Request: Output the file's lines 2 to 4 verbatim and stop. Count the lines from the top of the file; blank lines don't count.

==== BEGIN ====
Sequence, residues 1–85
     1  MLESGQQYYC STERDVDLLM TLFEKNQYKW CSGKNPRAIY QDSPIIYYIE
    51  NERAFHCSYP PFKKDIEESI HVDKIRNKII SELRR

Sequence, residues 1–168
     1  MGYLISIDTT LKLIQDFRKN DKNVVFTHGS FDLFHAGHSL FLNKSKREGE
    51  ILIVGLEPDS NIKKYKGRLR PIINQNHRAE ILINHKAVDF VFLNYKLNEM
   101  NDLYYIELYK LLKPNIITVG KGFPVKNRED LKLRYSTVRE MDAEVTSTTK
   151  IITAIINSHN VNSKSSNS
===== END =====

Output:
     1  MLESGQQYYC STERDVDLLM TLFEKNQYKW CSGKNPRAIY QDSPIIYYIE
    51  NERAFHCSYP PFKKDIEESI HVDKIRNKII SELRR

Sequence, residues 1–168